By now, the Manti Te’o’ story is becoming about as tedious as last month’s fiscal cliff. But if you’ll indulge just this one further observation of a bizarre tale involving the death of a fictional girlfriend, the lesson to be
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learned is that the age-old tug-of-war between being first with the story and nailing down the facts has entered hyper-drive in the digital age.
For you, the news consumer, there are lessons, as well. One of them is that the line between consumer and journalist is becoming as blurry as a horizon in a snowstorm, and skepticism is a good reading lamp to have handy.
The New York Times this week highlighted one aspect of the Te’o’ story. ESPN apparently was close to breaking it first but decided to wait until it could get an interview with Te’o’ himself. Meanwhile, the website Deadspin came in and got the scoop.
Caution can cost the race. This aspect of the story is actually comforting, however. Deadspin apparently had confirmed the story without the need to talk to Te’o’. Such an interview easily could be a next-day story. ESPN, meanwhile, can comfort itself by knowing there are worse sins than not publishing for fear of being wrong.
The troubling aspect of it all actually goes much farther back. It involves how so many media outlets were in love with the idea of an inspirational dying girlfriend and a football star that they perpetuated the hoax without bothering to check some obvious details.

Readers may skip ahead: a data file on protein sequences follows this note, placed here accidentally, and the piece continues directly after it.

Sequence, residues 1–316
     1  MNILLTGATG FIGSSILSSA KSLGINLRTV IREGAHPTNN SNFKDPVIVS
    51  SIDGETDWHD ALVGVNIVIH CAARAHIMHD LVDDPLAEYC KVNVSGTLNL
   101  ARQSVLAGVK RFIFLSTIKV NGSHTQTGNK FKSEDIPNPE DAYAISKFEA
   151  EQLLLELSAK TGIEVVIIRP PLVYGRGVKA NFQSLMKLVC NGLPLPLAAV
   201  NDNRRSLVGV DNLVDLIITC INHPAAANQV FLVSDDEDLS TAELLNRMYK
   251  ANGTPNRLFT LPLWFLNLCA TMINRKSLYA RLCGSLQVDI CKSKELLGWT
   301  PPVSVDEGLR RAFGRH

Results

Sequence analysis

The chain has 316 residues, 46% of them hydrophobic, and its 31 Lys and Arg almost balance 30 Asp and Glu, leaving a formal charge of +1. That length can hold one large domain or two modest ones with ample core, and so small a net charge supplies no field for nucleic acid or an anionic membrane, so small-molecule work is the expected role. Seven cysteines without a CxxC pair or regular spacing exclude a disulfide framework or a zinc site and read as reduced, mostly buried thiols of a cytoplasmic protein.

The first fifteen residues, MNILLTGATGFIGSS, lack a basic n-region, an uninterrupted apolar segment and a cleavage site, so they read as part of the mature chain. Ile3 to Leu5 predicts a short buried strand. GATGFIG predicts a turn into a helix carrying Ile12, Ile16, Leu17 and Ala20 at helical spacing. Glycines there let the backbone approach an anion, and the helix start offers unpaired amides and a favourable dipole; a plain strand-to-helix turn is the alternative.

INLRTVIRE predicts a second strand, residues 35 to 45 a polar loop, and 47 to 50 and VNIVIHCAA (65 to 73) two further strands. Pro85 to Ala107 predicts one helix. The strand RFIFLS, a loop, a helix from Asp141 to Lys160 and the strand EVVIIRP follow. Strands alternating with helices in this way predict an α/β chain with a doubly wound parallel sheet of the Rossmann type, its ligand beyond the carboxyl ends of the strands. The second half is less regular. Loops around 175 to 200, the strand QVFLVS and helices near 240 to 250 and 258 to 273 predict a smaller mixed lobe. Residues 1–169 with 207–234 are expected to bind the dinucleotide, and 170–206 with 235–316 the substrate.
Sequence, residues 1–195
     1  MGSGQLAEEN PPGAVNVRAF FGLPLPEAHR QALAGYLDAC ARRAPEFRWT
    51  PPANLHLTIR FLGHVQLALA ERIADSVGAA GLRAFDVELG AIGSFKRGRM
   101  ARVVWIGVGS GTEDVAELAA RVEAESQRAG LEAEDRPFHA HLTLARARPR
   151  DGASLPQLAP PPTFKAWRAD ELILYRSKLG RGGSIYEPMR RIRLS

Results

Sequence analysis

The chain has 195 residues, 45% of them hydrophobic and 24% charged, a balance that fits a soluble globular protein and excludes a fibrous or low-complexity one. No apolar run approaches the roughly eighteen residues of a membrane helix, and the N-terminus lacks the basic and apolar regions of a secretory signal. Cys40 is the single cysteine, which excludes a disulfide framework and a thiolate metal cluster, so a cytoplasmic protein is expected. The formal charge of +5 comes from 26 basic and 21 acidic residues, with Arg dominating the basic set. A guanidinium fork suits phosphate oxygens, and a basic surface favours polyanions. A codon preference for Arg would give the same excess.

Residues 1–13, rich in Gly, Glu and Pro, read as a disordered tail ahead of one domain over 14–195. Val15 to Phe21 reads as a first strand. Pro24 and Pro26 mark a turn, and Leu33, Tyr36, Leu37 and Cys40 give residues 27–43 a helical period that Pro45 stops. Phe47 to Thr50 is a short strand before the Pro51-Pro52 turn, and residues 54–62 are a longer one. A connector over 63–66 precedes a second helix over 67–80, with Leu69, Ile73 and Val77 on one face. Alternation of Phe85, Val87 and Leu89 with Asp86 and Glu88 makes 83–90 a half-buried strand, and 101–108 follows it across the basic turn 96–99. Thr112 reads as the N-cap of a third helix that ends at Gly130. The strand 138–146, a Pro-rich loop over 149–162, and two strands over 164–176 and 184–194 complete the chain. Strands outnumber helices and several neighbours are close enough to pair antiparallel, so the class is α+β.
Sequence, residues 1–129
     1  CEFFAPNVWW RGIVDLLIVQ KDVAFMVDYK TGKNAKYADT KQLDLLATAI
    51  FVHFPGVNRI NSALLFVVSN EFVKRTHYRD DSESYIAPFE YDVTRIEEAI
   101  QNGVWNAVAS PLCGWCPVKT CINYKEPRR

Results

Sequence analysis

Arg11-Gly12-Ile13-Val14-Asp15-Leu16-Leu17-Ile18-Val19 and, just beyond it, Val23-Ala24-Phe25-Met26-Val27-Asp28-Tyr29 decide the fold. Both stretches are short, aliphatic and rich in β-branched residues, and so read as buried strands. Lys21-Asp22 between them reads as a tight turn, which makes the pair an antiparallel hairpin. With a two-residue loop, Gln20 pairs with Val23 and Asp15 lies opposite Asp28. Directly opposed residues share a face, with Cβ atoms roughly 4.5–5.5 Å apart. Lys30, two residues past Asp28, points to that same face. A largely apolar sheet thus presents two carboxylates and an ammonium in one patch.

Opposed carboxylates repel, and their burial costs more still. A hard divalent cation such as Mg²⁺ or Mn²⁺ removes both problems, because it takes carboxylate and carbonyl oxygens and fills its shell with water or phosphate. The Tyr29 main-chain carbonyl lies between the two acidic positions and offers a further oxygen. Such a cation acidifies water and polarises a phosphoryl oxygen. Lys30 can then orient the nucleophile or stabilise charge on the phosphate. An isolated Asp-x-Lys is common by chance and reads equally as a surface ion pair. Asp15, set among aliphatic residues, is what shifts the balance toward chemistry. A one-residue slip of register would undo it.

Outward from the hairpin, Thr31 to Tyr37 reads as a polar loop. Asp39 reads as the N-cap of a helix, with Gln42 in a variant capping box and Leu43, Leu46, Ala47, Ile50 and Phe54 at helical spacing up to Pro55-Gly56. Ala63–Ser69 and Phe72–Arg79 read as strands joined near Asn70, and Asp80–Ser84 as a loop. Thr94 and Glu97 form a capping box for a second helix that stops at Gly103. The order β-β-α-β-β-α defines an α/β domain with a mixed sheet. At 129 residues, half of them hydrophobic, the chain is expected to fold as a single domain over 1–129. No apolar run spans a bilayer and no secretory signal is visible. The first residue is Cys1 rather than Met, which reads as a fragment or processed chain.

I pause here to note a high degree of personal hesitation in lapsing into any sense of personal outrage. One cannot spend 30 years in the news business without collecting an unwritten resume of errors and regrets. Every criticism begins to look a lot like a boomerang.
It’s worth noting, however, that both the pressure to be first and the complete collapse of credibility never have been more slippery cousins toward the cliffs of ruin than they are today.
I know a thing or two about breaking sensational stories. One of my most memorable experiences took place 29 years ago when the phone rang while I was the lone nighttime reporter in a Las Vegas newsroom. Earlier that day, an actor by the name of John-Erik Hexum had died as the result of an accident on the set of a television show called “Cover Up.” The actor’s family had arranged to have his organs harvested for transplanting.
The story had meant nothing to me personally, but that changed when the man on the other end of the phone said he knew who had received Hexum’s heart. It was the owner of a Las Vegas escort service. I spent the rest of that night pursuing the lead, finally and triumphantly convincing a hospital official to confirm it to me near midnight (this was an age before privacy laws). I had it first, and the horde soon followed.
I’ve often wondered how that would have played out today. Would the person who called me even have bothered, or would he have tweeted the news himself? What about any of the other people I spoke to along the way? Would blogs and Facebook statuses have forced my hand before I was ready? More importantly, would I or my colleagues have run with a good story that was broken elsewhere without completely vetting the facts?
I’ll be the first to admit today that the Hexum story was of dubious merit. It flashed and faded. Today no one remembers who got it first, even if by chance they remember the incident at all.
Being first has its immediate, but short-lived, rewards. Being first and wrong, however, can last a long time, indeed.
And breathing life into a fictional girlfriend because it makes for a great story can leave a long and messy exhaust trail of mistrust in its wake.
For the public, the good news is the truth eventually comes out. But in an age when information moves at light speed, it shouldn’t take that long.